In New Jersey and American casino operator MGM Resorts International has reportedly postponed the re-opening of its Borgata Hotel Casino and Spa after the eastern state opted to institute interim indoor smoking, dining and drinking bans.

According to a Monday report from the Associated Press news service published by USA Today, the 2,767-room property joined the eight other Atlantic City casinos in being temporarily closed down from March 16 due to the threat posed by the coronavirus pandemic. A little over 15 weeks later and the giant venue was purportedly planning to hold an invitation-only re-opening event on Thursday in advance of relaunching regular gambling operations from Monday under the aegis of a revised list of health and safety guidelines that include a 25% capacity ceiling.

Indeterminate interruption:

However, the Associated Press reported that MGM Resorts International has now indefinitely postponed these plans after New Jersey Governor Phil Murphy (pictured) initiated the new coronavirus-related prohibitions. The news service detailed that the fresh restrictions are set to forbid guests at casinos in Atlantic City from smoking, dining or drinking while on the gaming floor.

Reportedly read a statement from the Las Vegas-based operator…

“Our guests expect a special experience when they come to our property and if we cannot provide that level of hospitality, we feel it best that we remain closed until such time that the governor lets us know it is safe to offer food and beverage. The health and safety of our employees and guests are at the center of all that we do and we regret that, at this time, we are unable to welcome back the thousands of employees who are anxious to return to work. We look forward to a time when it is safe to welcome everyone back.”

Earlier example:

Steve Callender, President for The Casino Association of New Jersey, reportedly told the news service that many other casinos in Atlantic City may now follow the lead of the Borgata Hotel Casino and Spa in choosing to delay their planned July 2 re-openings. He purportedly proclaimed that ‘no smoking is very bad for casinos’ as was indicated by a similar short-lived 2008 prohibition that caused gaming revenues to plunge dramatically.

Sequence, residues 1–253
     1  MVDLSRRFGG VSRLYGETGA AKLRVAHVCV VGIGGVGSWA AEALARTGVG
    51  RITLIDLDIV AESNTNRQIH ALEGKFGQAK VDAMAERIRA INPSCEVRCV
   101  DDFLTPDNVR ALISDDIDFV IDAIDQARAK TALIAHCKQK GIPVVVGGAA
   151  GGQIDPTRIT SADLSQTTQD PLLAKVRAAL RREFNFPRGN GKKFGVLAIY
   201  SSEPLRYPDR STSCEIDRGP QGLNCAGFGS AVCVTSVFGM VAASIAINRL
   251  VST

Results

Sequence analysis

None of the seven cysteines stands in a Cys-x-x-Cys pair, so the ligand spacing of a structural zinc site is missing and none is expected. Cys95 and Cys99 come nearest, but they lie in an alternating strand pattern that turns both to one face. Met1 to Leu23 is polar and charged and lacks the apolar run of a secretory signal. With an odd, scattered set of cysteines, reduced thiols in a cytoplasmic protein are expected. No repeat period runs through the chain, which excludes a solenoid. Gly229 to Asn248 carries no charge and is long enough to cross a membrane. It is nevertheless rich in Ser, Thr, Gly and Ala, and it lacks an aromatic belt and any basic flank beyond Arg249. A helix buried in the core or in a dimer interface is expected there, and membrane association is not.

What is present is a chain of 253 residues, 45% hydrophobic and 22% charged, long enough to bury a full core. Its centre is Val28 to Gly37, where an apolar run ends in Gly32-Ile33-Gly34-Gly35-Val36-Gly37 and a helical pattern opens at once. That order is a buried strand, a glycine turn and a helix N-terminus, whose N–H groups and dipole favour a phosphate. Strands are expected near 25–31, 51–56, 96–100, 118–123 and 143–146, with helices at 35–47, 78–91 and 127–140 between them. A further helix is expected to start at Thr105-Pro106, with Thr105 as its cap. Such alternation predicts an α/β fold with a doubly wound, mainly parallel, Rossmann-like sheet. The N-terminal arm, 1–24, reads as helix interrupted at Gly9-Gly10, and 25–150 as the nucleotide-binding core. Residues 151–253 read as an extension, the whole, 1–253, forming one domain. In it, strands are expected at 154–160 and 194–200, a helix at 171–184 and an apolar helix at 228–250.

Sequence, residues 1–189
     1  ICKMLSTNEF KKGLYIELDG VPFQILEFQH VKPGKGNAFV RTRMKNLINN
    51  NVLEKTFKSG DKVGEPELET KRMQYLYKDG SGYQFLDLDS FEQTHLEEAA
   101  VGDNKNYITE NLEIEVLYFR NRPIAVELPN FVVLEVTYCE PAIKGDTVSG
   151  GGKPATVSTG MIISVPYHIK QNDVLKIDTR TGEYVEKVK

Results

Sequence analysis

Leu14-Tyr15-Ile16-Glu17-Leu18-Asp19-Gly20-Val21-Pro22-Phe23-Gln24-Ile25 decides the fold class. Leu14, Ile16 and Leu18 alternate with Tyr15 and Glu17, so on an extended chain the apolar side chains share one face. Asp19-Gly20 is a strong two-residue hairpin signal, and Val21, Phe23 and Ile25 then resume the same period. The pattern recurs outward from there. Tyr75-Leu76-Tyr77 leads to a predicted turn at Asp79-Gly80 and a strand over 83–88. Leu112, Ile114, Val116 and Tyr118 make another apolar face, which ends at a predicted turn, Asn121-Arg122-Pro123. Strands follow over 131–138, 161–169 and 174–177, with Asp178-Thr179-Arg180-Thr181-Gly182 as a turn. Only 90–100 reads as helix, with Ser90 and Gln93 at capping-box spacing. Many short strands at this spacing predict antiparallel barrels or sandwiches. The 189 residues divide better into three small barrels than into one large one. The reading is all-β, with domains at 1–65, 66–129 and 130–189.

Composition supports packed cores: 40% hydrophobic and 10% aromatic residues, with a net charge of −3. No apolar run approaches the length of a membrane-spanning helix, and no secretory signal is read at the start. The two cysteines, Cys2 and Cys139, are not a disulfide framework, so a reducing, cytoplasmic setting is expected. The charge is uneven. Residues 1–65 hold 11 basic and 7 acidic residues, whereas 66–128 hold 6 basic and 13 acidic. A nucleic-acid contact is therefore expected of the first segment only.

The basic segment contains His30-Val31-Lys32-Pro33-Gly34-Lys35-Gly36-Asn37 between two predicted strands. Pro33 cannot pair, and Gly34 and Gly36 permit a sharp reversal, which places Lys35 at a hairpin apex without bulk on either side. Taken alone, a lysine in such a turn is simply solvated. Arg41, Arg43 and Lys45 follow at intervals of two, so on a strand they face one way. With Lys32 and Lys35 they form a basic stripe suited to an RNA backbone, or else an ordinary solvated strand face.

Essential safeguards:

Nevertheless, Murphy reportedly insisted that the new restrictions are necessary so as to keep ‘The Garden State’ from suffering through a second large outbreak of the highly-contagious coronavirus strain. The Democratic leader purportedly cited spikes in other states as well as anecdotal evidence that suggested many New Jersey residents were not wearing masks or have been failing to abide by social distancing protocols.

Reportedly read a statement from Murphy…

“Unfortunately, the national scene compounded by instances of knucklehead behavior here at home are requiring us to hit pause on the restart of indoor dining for the foreseeable future. I don’t think it’s a matter of days but a matter of weeks. We have enormous sympathy but the alternative here is worse and unacceptable.”